Friday, 25 March 2011

Heaven and Hell: John Martin

At the beginning of this week I paid a visit to the Laing Art Gallery in Newcastle, to see their John Martin exhibition. I hadn't previously been aware of his work, and I'm so glad I saw it!

 Sadak in Search of the Waters of Oblivion

Martin (1789-1854) was an extraordinary man - bipolar, a rationalist who specialised in religious scenes, a devoted amateur scientist: he achieved great success at the time as a painter, but would really rather have been an engineer! - who was derided by the art establishment for being too populist and entertaining. His paintings were Romantic in style: huge vistas of beetling mountains; vast and distant cities evoking a past of unimaginable grandeur; drama and destruction; lurid colours. And lightning - I lost count of the number of scenes taking place in an electrical storm. He painted Things Blowing Up (Pompeii and Herculaneum, Sodom and Gomorrah) and The End of The World, Heaven ... and Hell.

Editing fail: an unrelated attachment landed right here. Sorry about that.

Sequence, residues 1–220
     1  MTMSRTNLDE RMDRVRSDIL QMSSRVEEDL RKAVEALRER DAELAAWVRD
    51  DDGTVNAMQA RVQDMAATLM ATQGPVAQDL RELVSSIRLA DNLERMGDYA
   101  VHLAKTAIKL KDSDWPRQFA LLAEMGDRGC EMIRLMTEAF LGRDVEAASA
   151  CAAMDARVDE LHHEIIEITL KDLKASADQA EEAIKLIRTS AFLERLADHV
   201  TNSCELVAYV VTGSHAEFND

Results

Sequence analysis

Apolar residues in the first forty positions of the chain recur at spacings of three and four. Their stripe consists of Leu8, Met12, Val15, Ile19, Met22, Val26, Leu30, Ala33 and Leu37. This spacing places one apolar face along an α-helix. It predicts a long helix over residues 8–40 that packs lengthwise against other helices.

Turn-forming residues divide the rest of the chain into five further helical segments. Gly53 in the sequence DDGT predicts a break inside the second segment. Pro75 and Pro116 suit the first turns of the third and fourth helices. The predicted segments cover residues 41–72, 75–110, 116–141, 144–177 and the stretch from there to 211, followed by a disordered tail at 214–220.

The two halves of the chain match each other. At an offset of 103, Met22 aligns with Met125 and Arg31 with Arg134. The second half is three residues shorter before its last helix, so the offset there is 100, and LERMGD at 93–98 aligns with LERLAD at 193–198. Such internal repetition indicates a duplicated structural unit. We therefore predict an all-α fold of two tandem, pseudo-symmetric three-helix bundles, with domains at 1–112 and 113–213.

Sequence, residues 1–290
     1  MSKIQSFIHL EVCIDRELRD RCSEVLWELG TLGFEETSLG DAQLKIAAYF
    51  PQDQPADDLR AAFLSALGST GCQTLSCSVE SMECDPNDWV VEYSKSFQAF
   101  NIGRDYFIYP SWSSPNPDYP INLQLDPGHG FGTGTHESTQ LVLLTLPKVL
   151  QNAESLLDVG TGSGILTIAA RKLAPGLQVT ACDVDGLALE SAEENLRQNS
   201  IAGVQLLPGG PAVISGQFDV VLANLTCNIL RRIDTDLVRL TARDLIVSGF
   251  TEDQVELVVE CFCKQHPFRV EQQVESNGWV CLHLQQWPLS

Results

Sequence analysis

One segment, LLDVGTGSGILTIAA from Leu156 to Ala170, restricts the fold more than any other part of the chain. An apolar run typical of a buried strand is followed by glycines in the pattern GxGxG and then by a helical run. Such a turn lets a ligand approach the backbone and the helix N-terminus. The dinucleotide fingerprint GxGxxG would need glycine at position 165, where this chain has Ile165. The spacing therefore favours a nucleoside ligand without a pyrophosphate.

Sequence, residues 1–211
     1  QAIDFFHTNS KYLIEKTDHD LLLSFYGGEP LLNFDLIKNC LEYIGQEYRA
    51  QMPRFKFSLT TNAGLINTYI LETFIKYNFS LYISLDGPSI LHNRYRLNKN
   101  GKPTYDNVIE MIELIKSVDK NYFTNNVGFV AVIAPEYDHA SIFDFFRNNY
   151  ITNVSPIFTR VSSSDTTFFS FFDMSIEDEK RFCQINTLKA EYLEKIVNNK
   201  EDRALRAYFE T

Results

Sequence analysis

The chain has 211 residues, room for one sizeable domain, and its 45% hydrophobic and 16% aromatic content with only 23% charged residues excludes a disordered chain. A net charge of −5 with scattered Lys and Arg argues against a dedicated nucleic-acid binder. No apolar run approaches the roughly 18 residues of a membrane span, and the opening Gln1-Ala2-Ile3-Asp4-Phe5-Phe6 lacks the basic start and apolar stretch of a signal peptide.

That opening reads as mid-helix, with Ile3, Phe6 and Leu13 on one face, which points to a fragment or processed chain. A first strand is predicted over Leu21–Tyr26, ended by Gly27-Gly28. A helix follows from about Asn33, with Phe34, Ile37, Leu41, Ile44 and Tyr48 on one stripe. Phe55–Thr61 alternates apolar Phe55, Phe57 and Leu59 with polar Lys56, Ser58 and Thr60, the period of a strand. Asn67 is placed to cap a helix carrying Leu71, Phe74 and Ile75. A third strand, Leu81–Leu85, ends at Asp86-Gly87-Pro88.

Despite his current obscurity, he was an immense influence on the Pre-Raphaelites, on Victorian engineers, and on film-makers from Cecil B de Mille to Ray Harryhausen to George Lucas. I can see echoes of his style in modern fantasy paintings of lost or futuristic cities.

This was one I was most impressed with - it doesn't show up well online, but in the flesh you can look right down those colonnades at the back, for about a mile.

I've never seen a painter who gives a better impression of depth to his landscapes. They're huge in scale, yet so detailed it feel like you could fly into his vistas.Though you might not want to, given all the lightning and the falling rocks ....

The Great Day of His Wrath

The Destruction of Sodom and Gomorrah

The exhibition runs until 5th June. Entry is free.


Craig Sorensen said...

The paintings are indeed remarkable for their sense of depth. Very impressive. The sense of heat is also very tactile.

I was not familiar with him, so thank you for posting this.

Janine Ashbless said...

Plus, my friend bought me the exhibition T-shirt :-)